An etching technique that makes silicon wafers more efficient and a mammoth
power generator that sets a new standard for the production of solar energy
- both developed at the U.S.
Department of Energy's (DOE) National Renewable Energy Laboratory - have
been named among this year's most significant innovations by Research + Development
The two prestigious awards, known in the research and development community
as "the Oscars of Innovation," brings to 47 the number of R&D
100 awards that NREL has won since 1969, when the magazine launched the awards
for the best new technologies from around the world.
"I want to congratulate all of this year's winners on their awards
and to thank them for their work," Energy Secretary Steven Chu said. "The
large number of winners from the Department of Energy's national labs
every year is a clear sign that our labs are doing some of the most innovative
research in the world. This work benefits us all by enhancing America's
competitiveness, ensuring our security, providing new energy solutions, and
expanding the frontiers of our knowledge. Our national labs are truly national
treasures, and it is wonderful to see their work recognized once again."
Both R&D 100 awards recognize research at NREL's National Center for Photovoltaics.
"These two technologies will play an important part in advancing solar
energy's competitiveness and enhancing the availability of solar power
in the United States and around the world," NREL Director Dan Arvizu said.
The "Black Silicon" Nanocatalytic Wet-Chemical Etch
emerged from work by NREL photovoltaic researchers that demonstrated that "black
silicon" solar cells, which have been chemically etched to appear black,
can better absorb the sun's energy. The inexpensive, one-step method reduces
light reflection from silicon wafers to less than 2 percent, and promises to
reduce manufacturing production cost and capital expense.
Any photons reflected from the surface of a solar cell are wasted. To reduce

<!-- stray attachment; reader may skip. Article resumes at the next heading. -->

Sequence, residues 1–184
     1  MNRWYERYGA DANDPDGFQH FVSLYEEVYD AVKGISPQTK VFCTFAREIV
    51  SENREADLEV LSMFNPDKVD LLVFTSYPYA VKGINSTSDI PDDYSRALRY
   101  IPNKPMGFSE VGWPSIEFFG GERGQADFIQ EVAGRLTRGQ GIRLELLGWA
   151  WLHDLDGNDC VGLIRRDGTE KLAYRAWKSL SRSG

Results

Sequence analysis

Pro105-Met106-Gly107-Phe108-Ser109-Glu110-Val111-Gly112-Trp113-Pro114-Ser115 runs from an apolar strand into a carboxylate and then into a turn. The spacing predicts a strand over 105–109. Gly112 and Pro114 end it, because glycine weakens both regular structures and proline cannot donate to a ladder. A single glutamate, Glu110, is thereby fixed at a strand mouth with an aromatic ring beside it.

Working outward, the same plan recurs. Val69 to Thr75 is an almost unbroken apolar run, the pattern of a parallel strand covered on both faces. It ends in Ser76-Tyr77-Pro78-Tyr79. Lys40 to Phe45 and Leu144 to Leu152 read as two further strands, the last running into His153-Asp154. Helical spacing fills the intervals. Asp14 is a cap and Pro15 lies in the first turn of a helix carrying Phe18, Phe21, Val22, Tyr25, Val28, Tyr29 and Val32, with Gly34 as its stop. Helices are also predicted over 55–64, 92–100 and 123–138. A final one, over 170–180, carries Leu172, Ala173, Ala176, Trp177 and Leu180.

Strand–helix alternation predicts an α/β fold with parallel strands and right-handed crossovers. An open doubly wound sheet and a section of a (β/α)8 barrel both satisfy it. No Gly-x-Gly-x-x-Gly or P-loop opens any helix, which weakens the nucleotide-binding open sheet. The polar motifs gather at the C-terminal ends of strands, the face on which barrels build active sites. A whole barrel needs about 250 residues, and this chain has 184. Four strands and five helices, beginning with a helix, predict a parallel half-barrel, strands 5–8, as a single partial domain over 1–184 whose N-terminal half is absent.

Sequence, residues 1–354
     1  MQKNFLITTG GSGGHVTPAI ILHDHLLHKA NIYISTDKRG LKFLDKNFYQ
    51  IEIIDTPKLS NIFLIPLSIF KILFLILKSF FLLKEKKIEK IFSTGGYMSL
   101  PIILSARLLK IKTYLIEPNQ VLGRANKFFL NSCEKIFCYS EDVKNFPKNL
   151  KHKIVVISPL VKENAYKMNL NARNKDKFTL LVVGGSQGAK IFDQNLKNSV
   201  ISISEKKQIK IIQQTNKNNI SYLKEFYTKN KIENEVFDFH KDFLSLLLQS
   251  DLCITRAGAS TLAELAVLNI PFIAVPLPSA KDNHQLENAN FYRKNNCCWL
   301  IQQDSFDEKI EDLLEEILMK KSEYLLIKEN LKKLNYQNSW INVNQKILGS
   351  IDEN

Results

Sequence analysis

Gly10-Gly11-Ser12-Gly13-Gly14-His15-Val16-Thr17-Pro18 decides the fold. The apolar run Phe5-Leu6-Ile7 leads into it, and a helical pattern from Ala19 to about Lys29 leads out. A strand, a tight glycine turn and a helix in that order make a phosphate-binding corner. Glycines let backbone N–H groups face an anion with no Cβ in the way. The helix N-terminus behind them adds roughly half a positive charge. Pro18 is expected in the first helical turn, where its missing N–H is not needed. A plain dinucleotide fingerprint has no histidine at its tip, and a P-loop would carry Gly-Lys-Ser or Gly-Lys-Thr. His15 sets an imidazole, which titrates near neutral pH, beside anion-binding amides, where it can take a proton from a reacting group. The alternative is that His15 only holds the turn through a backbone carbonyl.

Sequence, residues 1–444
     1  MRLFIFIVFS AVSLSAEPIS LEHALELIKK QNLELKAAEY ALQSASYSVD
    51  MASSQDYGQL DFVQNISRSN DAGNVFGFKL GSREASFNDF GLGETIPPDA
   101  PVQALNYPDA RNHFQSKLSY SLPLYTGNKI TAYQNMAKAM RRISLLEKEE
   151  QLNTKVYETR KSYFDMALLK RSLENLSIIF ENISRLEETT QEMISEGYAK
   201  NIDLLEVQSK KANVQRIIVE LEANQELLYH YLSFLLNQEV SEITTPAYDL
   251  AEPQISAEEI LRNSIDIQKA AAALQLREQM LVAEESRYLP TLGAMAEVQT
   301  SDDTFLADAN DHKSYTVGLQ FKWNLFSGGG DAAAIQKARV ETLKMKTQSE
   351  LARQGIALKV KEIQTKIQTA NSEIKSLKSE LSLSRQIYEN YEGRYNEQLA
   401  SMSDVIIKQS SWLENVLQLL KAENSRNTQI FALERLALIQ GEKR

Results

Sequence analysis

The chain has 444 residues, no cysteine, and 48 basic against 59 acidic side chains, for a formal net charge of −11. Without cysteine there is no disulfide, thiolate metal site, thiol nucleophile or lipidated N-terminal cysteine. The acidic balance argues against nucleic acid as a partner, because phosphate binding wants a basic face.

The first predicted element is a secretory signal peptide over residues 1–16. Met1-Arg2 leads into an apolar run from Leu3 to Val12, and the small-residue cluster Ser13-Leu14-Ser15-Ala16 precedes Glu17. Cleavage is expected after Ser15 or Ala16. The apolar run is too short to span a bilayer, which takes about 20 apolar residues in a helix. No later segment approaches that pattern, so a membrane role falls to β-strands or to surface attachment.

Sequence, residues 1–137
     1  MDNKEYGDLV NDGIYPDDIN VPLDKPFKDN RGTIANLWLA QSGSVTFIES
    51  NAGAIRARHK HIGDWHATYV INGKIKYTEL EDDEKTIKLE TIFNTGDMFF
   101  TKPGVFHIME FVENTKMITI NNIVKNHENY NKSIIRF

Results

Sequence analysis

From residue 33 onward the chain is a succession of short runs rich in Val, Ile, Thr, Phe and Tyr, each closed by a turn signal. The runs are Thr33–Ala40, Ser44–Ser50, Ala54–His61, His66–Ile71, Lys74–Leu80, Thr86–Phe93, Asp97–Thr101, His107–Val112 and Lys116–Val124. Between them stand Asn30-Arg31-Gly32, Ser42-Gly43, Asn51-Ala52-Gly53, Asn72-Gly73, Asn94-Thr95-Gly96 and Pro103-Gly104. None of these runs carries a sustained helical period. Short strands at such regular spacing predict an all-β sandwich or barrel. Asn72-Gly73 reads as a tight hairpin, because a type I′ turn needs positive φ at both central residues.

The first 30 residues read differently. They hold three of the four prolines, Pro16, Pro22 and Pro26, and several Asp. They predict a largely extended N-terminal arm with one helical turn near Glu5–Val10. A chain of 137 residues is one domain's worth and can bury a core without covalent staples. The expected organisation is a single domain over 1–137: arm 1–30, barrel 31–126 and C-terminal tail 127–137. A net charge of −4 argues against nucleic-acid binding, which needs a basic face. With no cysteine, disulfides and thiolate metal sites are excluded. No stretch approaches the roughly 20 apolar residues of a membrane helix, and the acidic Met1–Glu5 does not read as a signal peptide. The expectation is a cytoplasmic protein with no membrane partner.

reflected sunlight and increase cell efficiency, NREL scientists invented the
antireflection process that turns silicon wafers black so they absorb 98 percent
of solar radiation.
Today's solar cells absorb about 95 percent of the sun's radiation,
so the new high-absorption black silicon process could make solar cells some
3 percent more efficient. That should reduce the cost of energy delivered over
the life of a silicon PV array by about 2.5 percent.
NREL's Howard Branz is the principal scientist for the black-silicon
etch technology, working with postdoctoral researcher Hao-Chih Yuan, research
scientist Matthew R. Page, senior research technician Vernon E. Yost, senior
scientist Scott Ward and engineer Anna Duda.
The Amonix 7700 Solar Power Generator was developed in a partnership
between NREL and Amonix. It is a highly concentrated, highly efficient bulk
power generator that produces 40 percent more energy than conventional fixed
photovoltaic panels. The 53-kilowatt photovoltaic power generator is based on
the MegaModule, a turnkey unit pairing a durable Amonix Fresnel lens with high-efficiency
multi-junction solar cells.
The Amonix 7700 is the first terrestrial photovoltaic system capable of converting
one-fourth of the sun's energy into usable electricity. It produces "more
power per tower" by using record-efficient solar cells, tried-and-true
concentrator Fresnel lenses and smart controller and tracker systems.
It is expected to be a game-changer, sharply increasing the viability of PV-generated
electricity to compete with fossil fuels. At 53 kilowatts of electricity generation
per unit, it has the highest capacity in the industry, and it can be installed
in days, rather than the weeks or months typical of large-scale concentrated
Martha Symko-Davies, manager of NREL's PV Technology Incubator, led the
NREL effort along with Amonix's Vahan Garboushian, Robert McConnell and